It’s a rather wild and innovative Last Supper, painted in naturalistic manner. Previous Last Suppers featured a staid setting and rather immobile and inert figures. Lorenzetti adds a richly decorated room with a complicated hexagonal ceiling and sculpted angels.
The room is encircled with a starry sky. Lorenzetti even adds a side room, extra figures, and animals. His cat may have inspired the cat found in Ghirlandaio’s subsequent Last Supper in San Marco Monastery.
You have to hunt for Judas. He’s not identified with the usual black halo. The tip off? He’s reaching for the same piece of bread as Christ.
Address: Piazza Inferiore di S. Francesco 2, Assisi
3. Duccio, Siena Cathedral, Siena, 1325
Siennese artist Duccio di Bouninsegna painted his The Last Supper as part of 26 scenes for the reverse side of a large altarpiece. On the front is Duccio’s Maesta, the most famous Italian painting from the International Gothic period and the most precious art work ever created in Siena.
The altarpiece was commissioned for Siena Cathedral. The scenes show episodes from Christ’s Passion, which depicts events from Palm Sunday to Easter. The altarpiece was dismantled in 1711. Most of the individual panels are in the Museum of Siena Cathedral, the Museo dell’Opera del Duomo.
Duccio is credited with being one of the founders of Western art. Even though his work resembled the traditional style of Byzantine art with gold backgrounds illuminating various religious scenes, he also added realistic human emotions. His figures have a certain tenderness, a trend that anticipated the Renaissance. There are also snippets from every day life to underscore the point.
Like Giotto and Lorenzetti, Duccio’s interpretation of The Last Supper shows the disciples sitting around the table. Some of their backs are to the viewer. Later painters experimented with various ways of placing all the disciples on the same side of the table so their faces would be visible.
Here’s my complete guide to visiting the Siena Cathedral complex.
Address: Piazza del Duomo 8, Siena
4. Taddeo Gaddi, Convent of Santa Croce, Florence, 1360s
Taddeo Gaddi was Giotto’s most important student, collaborator, and godson. Gaddi dedicated thirty years to the decoration of the Santa Croce refectory, between 1334 and 1366.
The thing that leaves you speechless, even before you’re able to locate The Last Supper, is a kind of large “Christmas tree” loaded with characters and inscriptions. It’s the Tree of Life, full of religious iconography and surrounded by four scenes of miracles.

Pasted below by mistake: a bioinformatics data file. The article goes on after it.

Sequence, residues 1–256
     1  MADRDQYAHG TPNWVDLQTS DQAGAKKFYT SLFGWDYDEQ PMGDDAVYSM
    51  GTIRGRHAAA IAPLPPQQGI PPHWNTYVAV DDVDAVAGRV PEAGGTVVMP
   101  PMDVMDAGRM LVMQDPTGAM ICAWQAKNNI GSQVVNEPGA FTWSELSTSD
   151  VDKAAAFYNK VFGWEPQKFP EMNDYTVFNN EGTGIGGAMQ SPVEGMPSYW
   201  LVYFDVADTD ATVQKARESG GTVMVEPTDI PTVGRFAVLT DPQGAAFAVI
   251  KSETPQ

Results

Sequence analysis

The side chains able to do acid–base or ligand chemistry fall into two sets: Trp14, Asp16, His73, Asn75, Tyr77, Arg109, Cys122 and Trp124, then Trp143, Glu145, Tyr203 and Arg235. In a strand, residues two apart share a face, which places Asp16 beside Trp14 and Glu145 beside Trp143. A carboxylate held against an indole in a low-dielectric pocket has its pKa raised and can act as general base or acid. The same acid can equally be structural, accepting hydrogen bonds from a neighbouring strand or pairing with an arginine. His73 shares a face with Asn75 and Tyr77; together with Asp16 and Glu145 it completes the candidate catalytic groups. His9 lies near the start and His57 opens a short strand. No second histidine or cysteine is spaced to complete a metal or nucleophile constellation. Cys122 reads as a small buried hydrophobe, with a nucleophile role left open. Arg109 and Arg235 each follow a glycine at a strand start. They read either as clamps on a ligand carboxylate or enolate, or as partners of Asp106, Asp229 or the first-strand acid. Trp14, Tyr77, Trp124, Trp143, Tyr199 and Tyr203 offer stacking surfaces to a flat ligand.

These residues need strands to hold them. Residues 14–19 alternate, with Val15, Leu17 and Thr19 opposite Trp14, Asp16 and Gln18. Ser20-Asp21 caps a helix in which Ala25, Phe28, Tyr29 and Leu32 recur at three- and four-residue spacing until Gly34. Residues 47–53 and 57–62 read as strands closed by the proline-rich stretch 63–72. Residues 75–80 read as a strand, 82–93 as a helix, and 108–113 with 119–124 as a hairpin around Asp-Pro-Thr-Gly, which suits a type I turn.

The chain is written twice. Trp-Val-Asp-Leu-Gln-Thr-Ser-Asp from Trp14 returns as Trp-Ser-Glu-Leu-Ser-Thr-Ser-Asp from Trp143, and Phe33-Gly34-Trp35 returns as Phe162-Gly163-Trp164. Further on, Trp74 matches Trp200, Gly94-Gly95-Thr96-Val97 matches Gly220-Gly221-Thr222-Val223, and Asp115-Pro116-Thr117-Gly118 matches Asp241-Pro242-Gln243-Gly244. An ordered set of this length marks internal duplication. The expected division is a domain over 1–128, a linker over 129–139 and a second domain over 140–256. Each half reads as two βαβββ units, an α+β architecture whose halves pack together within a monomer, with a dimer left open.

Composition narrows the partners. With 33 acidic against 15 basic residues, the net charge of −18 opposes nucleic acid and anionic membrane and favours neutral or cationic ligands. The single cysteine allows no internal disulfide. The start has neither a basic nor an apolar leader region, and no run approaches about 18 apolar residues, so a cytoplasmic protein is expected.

The Last Supper is set in a strip along the bottom. It’s the oldest surviving Last Supper painting in Florence. For the first time, the dinner table is horizontal and Judas is isolated on one side, opposite Christ, without a halo.
Gaddi’s fresco was damaged in the great flood of Florence in 1966. But experts were able to remove it intact from the wall and significantly restore it.
Here’s my complete guide to the Basilica of Santa Croce.
Address: Piaza di Santa Croce 16, Florence
5. Andrea Orcagna, Santo Spirito, Florence, 1360-65
Santo Spirito is famed architect Filippo Brunelleschi’s second church in Florence, after the Basilica of San Lorenzo. Built in 1440, the church is a pivotal work of the early Renaissance. Brunelleschi was one of the first architects to use perspective and geometry, breaking away from outdated medieval church styles.
Santo Spirito’s old Augustinian refectory has an incredibly ancient The Last Supper fresco with a large crucifixion scene painted above it. But it’s in terrible condition and fragmented. Only a few of the apostles are partially conserved.
Another refectory contains a Last Supper fresco by Bernardo Poccetti from the 16th century. There’s also a crucifix attributed to Michelangelo in the church.
Address: Piazza Santo Spirito 30, Florence
6. Fra Angelico, San Marco Monastery, Florence, 1442
San Marco Monstery is a serene and irresistible hidden gem in Florence. It’s a rare opportunity to see Early Renaissance masterpieces in situ. San Marco’s claim to fame is its sublime Fra Angelico frescos. Fra Angelico’s rendition of the Last Supper is found in Cell 35 in the monks dormitories. It’s called Communion of the Apostles.